The movie opens in a manner quite identical to the book, with Bella moving from her home in Arizona to the small Washington town of Fork. All the while, Stewart's disembodied voice awkwardly narrates, reading parts that seem straight from the book including the prologue, which works on the page but certainly not on the screen. Bella, after some scenes of awkward interaction with her father, attends Forks High School, immediately and unbelievably making friends with people who seem to have been waiting for her arrival. Over eager Eric (Justin Chon) tells her she is “front page news, baby”, delivering the lines in a way that makes him sound like the president of your Drama Club at school, the one who gives himself all the main roles. Making the Bella character even more difficult to understand in terms of her supposed attractiveness, Stewart's Bella is awkward, yes, but boring to watch. She maintains the same bland facial expression and monotone voice through almost the entire movie, particularly in the first few scenes. In the books, Meyer's Bella is at least colored with some jokes and smiles from time to time. We meet Edward (Pattinson) in the same place as the book, the cafeteria, where Jessica (Anna Kendrick) gives Bella the inside scoop on the Cullens. Hardwicke introduces our vampire clan in a way so ridiculous it makes you want to bust up laughing (I myself was in hysterics). Walking into the cafeteria in pairs, slow motion of course, while Jessica narrates, first Emmet and Rosalie, followed by Jasper and Alice, and finally, our loveless loner boy, Edward at the rear. It seems to be made specifically with the midnight premiere in mind, with Jessica giving the audience plenty of time to scream and cheer upon each character's introduction. A few minutes later, Bella walks into her biology class where she is paired with Edward for a lab partner. Hardwicke strategically places a fan behind Stewart to blow her mouth- watering smell in Edward's direction, obviously a fan of slow motion. Pattinson covers his mouth, unintentionally comical, closing his eyes and looking as though he wants to barf and getting a massive amount of laughter from the audience. From there, it's all downhill. The dialogue between Edward and Bella seems extremely awkward, even by the end of the movie when it's supposed to be easy for them, being undead soul mates and what not. The screenwriters obviously tried too hard to include the pivotal, fan - pleasing moments and quotes, neglecting to preserve the flow of the movie. The film feels choppy and poorly written and those in the audience who haven't read the books are utterly lost. Even as a previous fan of the series, I found the plot hard to follow and the big, revealing moments poorly and strangely executed. The movie has few redeeming moments and when they do occur it is extremely brief and generally when no one is talking However, due to the huge fan base and easily pleased nature of said highly dedicated fans, Twilight will do very well, even in light of its issues. A sequel, no doubt, is already on the horizon.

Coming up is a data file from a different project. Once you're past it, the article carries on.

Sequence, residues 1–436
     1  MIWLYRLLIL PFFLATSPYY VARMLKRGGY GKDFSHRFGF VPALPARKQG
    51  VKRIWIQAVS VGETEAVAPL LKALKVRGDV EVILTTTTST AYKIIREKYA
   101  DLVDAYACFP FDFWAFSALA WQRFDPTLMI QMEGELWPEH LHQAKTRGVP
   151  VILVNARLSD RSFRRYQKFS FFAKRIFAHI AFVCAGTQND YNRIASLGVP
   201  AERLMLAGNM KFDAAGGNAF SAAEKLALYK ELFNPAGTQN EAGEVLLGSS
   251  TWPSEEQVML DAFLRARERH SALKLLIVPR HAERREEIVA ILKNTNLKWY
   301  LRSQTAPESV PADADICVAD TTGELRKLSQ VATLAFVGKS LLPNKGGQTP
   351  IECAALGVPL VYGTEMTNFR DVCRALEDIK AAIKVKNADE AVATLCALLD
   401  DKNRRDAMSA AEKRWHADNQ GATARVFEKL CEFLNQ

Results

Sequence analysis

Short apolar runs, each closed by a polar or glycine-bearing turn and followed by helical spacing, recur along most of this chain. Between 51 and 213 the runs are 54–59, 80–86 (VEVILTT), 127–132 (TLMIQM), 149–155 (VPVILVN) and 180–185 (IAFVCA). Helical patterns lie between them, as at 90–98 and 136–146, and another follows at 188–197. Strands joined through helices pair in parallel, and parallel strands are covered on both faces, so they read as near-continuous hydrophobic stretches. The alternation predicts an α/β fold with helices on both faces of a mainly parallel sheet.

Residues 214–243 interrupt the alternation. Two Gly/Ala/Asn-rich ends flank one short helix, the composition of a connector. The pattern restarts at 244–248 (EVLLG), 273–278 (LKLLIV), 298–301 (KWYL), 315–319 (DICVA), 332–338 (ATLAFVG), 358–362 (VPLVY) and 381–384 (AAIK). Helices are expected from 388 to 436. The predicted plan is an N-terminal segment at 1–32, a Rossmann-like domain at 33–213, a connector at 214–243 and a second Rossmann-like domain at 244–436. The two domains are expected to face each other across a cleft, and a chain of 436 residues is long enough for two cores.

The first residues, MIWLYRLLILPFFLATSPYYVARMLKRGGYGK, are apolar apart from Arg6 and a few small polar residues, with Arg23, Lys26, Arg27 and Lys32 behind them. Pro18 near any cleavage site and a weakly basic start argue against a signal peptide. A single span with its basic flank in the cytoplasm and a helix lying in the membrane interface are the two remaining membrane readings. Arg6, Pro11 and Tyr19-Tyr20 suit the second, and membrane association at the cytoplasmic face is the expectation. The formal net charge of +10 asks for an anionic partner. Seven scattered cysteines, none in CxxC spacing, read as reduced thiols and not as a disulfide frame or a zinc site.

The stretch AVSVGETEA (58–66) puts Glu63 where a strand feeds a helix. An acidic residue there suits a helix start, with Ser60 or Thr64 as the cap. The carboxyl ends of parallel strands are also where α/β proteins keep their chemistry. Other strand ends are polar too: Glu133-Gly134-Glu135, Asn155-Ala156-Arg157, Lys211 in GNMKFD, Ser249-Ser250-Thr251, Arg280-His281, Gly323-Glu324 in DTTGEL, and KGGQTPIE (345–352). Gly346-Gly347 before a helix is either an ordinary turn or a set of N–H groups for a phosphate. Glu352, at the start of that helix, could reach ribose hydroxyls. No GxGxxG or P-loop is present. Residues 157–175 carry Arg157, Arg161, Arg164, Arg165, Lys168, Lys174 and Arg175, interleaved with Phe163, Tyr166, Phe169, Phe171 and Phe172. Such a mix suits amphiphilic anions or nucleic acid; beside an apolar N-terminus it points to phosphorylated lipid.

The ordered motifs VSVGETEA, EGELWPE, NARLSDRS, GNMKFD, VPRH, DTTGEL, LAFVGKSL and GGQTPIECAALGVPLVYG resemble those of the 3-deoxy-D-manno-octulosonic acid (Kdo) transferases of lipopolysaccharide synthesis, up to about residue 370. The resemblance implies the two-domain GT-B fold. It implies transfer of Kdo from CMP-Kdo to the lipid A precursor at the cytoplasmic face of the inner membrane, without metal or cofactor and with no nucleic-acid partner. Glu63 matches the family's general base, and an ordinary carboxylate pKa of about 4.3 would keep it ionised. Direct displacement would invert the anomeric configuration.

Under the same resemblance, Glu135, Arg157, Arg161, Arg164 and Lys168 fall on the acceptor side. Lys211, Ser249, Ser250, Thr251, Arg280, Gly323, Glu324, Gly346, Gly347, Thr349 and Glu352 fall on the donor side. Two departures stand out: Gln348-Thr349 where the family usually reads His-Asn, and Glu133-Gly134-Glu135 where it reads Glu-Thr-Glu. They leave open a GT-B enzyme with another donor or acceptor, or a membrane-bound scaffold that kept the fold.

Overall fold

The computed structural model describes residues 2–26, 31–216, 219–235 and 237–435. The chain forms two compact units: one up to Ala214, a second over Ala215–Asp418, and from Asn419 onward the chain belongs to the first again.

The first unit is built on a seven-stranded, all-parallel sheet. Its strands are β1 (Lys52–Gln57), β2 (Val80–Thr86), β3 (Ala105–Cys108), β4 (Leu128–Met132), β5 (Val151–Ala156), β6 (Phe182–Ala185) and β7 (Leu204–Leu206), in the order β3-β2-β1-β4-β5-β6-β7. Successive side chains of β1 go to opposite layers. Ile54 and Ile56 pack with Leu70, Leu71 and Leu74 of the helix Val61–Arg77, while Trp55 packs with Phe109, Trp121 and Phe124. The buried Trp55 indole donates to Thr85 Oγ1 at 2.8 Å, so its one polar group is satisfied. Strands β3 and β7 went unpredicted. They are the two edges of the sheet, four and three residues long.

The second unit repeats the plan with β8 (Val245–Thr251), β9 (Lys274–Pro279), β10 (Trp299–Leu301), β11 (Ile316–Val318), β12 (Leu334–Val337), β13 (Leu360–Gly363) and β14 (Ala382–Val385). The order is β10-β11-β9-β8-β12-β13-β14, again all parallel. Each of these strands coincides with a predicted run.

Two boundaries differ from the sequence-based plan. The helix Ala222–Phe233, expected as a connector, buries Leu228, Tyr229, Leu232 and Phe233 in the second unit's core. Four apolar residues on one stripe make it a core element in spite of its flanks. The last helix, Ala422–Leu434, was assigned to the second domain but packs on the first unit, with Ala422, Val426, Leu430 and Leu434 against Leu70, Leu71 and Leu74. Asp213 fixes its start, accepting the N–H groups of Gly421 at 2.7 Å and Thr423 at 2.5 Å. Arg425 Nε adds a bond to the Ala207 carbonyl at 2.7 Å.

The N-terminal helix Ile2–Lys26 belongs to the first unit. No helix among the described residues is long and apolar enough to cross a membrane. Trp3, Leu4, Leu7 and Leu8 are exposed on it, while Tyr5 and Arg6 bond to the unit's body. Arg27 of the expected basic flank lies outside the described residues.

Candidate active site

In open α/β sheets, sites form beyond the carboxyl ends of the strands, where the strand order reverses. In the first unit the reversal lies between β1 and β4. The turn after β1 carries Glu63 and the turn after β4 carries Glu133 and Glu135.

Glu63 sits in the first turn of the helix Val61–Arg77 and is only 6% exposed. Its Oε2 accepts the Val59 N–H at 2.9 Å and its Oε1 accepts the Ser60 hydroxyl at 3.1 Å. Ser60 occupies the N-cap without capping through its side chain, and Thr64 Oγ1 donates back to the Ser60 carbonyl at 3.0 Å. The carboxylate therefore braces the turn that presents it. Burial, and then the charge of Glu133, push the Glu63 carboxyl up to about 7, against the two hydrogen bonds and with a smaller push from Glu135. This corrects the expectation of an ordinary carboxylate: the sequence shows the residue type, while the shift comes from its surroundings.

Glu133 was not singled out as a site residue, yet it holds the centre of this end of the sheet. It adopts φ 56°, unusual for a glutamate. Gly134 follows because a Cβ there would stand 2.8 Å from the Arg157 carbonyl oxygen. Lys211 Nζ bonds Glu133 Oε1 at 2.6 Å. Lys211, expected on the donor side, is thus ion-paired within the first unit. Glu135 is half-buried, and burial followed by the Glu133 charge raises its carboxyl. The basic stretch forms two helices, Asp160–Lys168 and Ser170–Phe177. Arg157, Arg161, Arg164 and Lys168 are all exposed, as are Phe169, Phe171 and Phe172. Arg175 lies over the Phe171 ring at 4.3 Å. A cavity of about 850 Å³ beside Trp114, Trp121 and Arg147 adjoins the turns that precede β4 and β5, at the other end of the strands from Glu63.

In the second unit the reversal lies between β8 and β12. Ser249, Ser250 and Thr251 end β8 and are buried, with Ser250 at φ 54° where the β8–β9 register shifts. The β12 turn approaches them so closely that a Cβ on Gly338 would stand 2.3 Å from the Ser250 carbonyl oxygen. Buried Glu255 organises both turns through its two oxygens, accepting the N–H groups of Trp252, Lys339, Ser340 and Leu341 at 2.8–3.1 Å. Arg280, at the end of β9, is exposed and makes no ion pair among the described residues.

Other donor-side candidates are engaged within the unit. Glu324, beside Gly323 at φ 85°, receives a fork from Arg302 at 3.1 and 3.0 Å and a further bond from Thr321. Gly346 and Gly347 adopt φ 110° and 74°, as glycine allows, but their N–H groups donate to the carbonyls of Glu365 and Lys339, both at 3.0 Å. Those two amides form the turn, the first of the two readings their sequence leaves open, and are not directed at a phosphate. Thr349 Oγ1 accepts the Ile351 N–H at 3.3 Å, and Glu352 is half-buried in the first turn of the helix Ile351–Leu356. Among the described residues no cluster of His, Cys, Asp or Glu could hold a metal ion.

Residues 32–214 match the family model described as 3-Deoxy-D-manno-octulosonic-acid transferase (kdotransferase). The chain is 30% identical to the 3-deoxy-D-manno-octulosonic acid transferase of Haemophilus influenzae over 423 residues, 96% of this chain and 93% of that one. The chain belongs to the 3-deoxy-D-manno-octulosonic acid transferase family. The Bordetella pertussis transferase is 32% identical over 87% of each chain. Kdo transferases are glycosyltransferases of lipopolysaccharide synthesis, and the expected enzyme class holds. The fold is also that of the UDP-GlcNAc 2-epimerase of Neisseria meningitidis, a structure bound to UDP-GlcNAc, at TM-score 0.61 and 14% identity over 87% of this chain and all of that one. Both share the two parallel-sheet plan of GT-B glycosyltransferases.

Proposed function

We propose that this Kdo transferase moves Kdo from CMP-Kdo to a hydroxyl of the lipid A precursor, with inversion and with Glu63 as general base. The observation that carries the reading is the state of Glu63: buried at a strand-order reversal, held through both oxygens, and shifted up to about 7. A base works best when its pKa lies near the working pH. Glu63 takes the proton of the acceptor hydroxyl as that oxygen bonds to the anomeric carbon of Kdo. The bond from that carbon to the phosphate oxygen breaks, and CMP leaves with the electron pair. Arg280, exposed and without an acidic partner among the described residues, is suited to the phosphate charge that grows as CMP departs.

Join the Discussion

This article has 3 comments. Post your own now!

Twilight Lover said...
Jan. 28, 2009 at 1:33 am
You dodn't like Twilight? Well, I did. I'm not saying that you can't have feelings or anything, but I don't like your review. It is not bad :( but I hate it. (No offense!)
AliPants said...
Jan. 1, 2009 at 6:41 pm
A very well written review. I completely agree with you, the film was quite mediocre in almost all aspects, and the acting was just awkward, almost painful at times. Great job!
SpecialK said...
Dec. 5, 2008 at 11:12 pm
Well, I can't say I completely agree with you, but the review was very well written and had lots of detailed...well, details. I applaud you for sharing your point of view (the one different from all the stupidly obsessed fan-girls with nothing better to do in life than go see the movie five times over)! Great job!